Gary David Goldberg, 'Family Ties' and 'Spin City' creator, dies at 68
Goldberg died Sunday (June 23) at his home in Montecito, Calif., near Santa Barbara, after fighting brain cancer. He would have turned 69 years old on Tuesday.
Goldberg began his TV writing career in the mid-1970s with scripts for "The Bob Newhart Show," "Alice" and "Phyllis." He won his first Emmy in 1979 as a producer of "Lou Grant," which took home the award for best drama series that year.
Three years later, "Family Ties" -- based in part on his own life and in part on those of friends -- premiered on NBC and made a star of Michael J. Fox. After moving behind "The Cosby Show" in 1984-85, it ranked in the Top 5 of the ratings for three straight seasons, peaking at better than 28 million viewers in Season 5. Goldberg won a writing Emmy on "Family Ties" in 1987; the series was nominated for best comedy four times.
Goldberg and Fox would collaborate again on "Spin City," which Goldberg co-created with Bill Lawrence. It ran on ABC from 1996-2002, the final two seasons with Charlie Sheen in the lead role after Fox was diagnosed with Parkinson's disease.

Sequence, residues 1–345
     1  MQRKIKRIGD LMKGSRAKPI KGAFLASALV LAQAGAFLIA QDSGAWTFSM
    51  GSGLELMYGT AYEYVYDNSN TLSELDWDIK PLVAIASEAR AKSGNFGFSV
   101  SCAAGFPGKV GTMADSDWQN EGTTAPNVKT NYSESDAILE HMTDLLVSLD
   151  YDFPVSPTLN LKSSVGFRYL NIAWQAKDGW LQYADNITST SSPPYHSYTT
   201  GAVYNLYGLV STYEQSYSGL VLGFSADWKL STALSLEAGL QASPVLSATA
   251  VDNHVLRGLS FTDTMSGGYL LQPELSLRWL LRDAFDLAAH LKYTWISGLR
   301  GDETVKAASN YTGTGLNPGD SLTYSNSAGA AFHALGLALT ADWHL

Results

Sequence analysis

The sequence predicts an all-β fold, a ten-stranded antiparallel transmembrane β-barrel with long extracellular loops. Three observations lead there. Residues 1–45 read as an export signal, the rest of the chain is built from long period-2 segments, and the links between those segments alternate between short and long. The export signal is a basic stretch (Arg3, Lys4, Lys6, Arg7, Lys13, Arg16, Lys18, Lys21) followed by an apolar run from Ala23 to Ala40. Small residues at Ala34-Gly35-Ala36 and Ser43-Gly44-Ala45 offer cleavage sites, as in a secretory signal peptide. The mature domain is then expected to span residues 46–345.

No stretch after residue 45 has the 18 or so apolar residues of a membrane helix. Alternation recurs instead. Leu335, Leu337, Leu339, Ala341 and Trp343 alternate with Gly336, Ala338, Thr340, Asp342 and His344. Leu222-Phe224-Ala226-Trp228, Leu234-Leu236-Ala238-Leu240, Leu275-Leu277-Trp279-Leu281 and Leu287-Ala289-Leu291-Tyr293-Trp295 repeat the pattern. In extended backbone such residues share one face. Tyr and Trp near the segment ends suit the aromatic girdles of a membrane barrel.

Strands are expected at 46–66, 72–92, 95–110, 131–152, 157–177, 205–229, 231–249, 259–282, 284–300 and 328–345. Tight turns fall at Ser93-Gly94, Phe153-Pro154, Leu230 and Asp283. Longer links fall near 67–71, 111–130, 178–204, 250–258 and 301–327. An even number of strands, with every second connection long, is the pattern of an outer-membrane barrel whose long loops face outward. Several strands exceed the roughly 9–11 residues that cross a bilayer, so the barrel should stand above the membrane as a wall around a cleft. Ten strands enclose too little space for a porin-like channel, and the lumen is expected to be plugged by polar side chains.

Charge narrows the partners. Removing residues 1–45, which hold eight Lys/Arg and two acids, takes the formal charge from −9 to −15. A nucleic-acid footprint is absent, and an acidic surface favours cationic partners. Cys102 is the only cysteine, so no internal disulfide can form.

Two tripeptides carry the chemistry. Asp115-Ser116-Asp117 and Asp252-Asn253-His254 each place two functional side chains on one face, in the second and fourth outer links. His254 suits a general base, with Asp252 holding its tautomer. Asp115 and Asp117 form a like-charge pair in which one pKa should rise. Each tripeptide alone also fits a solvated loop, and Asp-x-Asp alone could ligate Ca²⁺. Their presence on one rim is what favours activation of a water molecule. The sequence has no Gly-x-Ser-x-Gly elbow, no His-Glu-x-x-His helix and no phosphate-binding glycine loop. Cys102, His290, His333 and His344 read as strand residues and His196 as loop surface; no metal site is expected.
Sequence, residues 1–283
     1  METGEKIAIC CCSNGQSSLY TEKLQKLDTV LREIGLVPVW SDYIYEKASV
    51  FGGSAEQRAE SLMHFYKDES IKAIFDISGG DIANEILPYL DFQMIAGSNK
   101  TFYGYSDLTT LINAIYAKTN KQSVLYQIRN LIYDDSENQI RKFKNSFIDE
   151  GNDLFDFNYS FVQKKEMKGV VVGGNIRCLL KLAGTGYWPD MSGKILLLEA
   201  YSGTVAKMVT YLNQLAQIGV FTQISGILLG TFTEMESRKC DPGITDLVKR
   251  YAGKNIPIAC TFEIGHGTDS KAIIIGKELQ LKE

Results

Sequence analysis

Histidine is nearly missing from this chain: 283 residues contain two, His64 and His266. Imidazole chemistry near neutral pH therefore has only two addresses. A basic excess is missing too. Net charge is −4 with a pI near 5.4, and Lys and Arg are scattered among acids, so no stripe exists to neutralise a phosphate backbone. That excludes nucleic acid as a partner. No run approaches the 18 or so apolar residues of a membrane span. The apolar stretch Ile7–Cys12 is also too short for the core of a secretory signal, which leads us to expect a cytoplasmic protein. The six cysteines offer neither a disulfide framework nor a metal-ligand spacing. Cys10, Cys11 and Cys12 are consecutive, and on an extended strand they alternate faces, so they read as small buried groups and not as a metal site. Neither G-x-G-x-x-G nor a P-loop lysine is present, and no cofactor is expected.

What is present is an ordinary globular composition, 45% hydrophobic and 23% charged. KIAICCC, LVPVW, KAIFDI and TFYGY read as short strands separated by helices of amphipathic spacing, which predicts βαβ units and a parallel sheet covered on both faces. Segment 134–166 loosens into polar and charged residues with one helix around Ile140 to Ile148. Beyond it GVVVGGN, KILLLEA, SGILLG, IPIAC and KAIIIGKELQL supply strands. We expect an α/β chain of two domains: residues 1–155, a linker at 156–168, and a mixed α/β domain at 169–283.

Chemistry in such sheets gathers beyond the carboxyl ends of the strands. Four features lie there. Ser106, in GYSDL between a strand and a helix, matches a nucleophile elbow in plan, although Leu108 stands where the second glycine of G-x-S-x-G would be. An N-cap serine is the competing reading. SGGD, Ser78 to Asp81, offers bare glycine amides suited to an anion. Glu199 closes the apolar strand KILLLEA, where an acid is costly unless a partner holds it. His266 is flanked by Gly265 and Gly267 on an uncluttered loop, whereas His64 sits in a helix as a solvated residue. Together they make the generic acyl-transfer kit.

"Everyone has a mentor (or two hopefully) that touches his/her life," Lawrence tweeted Sunday night. "Gary Goldberg passed away today. Wish I had thanked him more."
Goldberg's other credits include the short-lived but critically loved and Emmy-nominated "Brooklyn Bridge," "The Tony Randall Show" and "Battery Park." He also wrote and directed the feature film "Must Love Dogs," which was his final credit.
All of Goldberg's shows ended with the vanity card for his production company, Ubu Productions, named after his dog. The card featured a photo of Ubu and Goldberg saying "Sit, Ubu, sit -- good dog!" followed by a "Woof."
Goldberg is survived by his wife, Diana Meehan, and two daughters, writer and producer Shana Goldberg-Meehan ("Friends," "Better With You") and Cailin Goldberg-Meehan, a screenwriter.